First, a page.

CCNA Certification Training: IGRP And Equal Cost Load Sharing
By Chris Bryant, CCIE #12933
PLEASE NOTE: The last CCNA exam version that included IGRP is the 640-801 version.
Beginning with the 640-802 version, IGRP is no longer a CCNA exam topic.
For those of you who are working on the 801 version, read on... and if you're working on the 802, head over to my CCNA / CCNP certification tutorial page!
The Cisco-proprietary protocols IGRP and EIGRP assume all Serial interfaces are connected to a T1 line, which runs at 1544 kbps. If a serial line is actually configured to a slower line, IGRP has no way to detect this.
The bandwidth value should be changed at the interface level to reflect the correct speed, allowing IGRP to recalculate the routes and give the routers in the IGRP AS a truer picture of the network.
We'll use the following network to illustrate this concept:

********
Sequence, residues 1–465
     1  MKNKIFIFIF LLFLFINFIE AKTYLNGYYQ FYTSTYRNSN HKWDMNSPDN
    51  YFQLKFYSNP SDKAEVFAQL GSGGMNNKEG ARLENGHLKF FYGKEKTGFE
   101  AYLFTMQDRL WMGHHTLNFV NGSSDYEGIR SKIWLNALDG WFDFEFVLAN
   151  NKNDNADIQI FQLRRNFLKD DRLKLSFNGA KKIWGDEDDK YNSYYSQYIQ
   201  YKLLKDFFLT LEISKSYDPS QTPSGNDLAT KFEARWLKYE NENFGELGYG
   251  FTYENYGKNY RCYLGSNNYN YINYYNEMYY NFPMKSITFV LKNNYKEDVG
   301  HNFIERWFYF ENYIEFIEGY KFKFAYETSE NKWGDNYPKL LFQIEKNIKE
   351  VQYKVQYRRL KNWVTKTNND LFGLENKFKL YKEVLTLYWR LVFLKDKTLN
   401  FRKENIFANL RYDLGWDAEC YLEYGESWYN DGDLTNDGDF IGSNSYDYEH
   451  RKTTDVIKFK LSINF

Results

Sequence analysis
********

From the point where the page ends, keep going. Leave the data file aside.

Assume the direct link between R1 and R3 is only a 512 KBPS line, and the Frame Relay connection is a true T1 line. By default, IGRP calculates its metrics by considering both of these connections to be a T1 line running at 1544 kbps, which results in equal-cost load balancing for traffic leaving R1 destined for 172.23.23.0.
Load balancing is occurring on the equal-cost routes, but since one of the lines is not truly running at 1544 KBPS, this load balancing may not be desired.
The interface-level command bandwidth 512 on both ends of the R1 – R3 direct connection allows IGRP to recalculate the metric based on the actual bandwidth of the interfaces, rather than the assumed value.
After configuring the true bandwidth, show ip route 172.23.0.0 shows load balancing is only occurring over the true T1 lines.
This is a command you really have to be careful with, because your first instinct may be to enter bandwidth 512000. IOS Help reminds us that the value for this particular command must be entered in KBPS.
<1-10000000> Bandwidth in kilobits
You're going to see some Cisco commands that want a value in BPS, others in MBPS. The key is to always use IOS Help to check -- it takes five seconds to do so, and saves you a lot of troubleshooting time!
Hundreds of videos, practice exams, and articles just like this one are waiting for you on my CCNA / CCNP certification tutorial page - so click that link and get over there after you take advantage of this opportunity...
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